gap between those in the rural sector and the urban sector is educational and agrarian reform.
With regards to agrarian reform the proposed solution has been the redistribution of land so that
each rural family has about 3 hectares of arable land (Jadotte 2006). However, agrarian reform
will not dampen the inequality because neoliberal policies implemented by Haiti at the behest of
the IMF make it economically impossible for local farmers to compete against foreign countries
selling agricultural products within Haiti. And thou increased educational spending will give rise
to a more educated work force the effects will be minimal in the rural areas because ninety-nine
percent of the industrial manufacturing is located in Port-au-Prince (Maguire 1995). Unless Haiti
manages to make its local agricultural products more competitive with foreign actors present
within their market and manage to disburse the industrial sector away from the city and into the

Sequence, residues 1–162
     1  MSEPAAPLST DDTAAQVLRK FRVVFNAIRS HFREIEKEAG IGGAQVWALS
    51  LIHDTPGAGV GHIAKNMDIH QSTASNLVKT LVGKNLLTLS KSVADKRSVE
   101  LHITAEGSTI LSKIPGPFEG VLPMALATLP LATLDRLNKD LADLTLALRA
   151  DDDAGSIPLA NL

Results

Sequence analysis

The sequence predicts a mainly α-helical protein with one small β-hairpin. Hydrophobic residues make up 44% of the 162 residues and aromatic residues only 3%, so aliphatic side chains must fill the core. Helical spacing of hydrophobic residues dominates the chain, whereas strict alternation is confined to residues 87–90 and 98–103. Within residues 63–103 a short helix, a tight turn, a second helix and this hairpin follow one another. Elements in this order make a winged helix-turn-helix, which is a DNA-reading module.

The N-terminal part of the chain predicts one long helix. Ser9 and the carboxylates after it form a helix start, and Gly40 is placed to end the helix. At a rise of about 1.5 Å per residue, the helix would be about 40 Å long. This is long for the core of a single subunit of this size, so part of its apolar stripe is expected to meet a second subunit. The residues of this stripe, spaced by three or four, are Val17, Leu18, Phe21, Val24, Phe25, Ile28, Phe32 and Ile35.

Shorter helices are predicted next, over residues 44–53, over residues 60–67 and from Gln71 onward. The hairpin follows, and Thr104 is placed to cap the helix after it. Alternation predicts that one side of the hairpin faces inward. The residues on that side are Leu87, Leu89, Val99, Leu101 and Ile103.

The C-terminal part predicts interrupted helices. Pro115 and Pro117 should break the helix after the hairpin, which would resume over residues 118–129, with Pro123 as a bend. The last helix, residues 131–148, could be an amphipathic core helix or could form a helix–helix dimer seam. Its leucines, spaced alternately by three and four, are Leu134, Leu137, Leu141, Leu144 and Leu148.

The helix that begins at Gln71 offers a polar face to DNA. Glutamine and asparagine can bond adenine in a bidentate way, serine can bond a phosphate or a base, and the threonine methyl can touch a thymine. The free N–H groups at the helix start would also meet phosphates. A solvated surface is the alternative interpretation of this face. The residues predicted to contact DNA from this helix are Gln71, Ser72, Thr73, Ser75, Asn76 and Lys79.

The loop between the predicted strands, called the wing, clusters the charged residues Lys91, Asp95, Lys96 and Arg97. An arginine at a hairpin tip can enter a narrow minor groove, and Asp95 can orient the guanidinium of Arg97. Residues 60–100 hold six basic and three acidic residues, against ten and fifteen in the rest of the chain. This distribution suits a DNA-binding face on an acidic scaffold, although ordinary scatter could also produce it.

rural areas it will continue to see rising inequality between urban and rural areas.
In 1940, Mexico began to implement an import substitution economy by passing laws
that raised tariffs, created import licenses, and official reference prices. (Hanson and Harrison
1999; Pacheco-Lopez 2005). Subsequent administrations further strengthened these policies
(Hanson and Harrison 1999). These measures effectively kept foreign companies from entering
the Mexican market until 1985 (Hanson and Harrison 1999). However, under the Lopez Portillo
administration the protectionist policies began to be weakened. In 1977, President Portillo
initiated liberalization reforms that slightly reduced the number of import products that required
licenses. Two years later, Portillo signaled his intent to join GATT and participated in the Tokyo
round. In the Tokyo round Mexico was able to gain better entrance terms, than the ones afforded
to other less developed countries. Mexico would be allowed to keep 1,329 tariffs that totaled 2.6
billion dollars in 1976 currency, however, they would have to eliminate regulations on 328
products that totaled $503 million and accounted for 8.5 percent of the total value of that years’
imports (Story 1982). The following year Portillo postponed joining GATT because of internal
political strife, and Mexico di …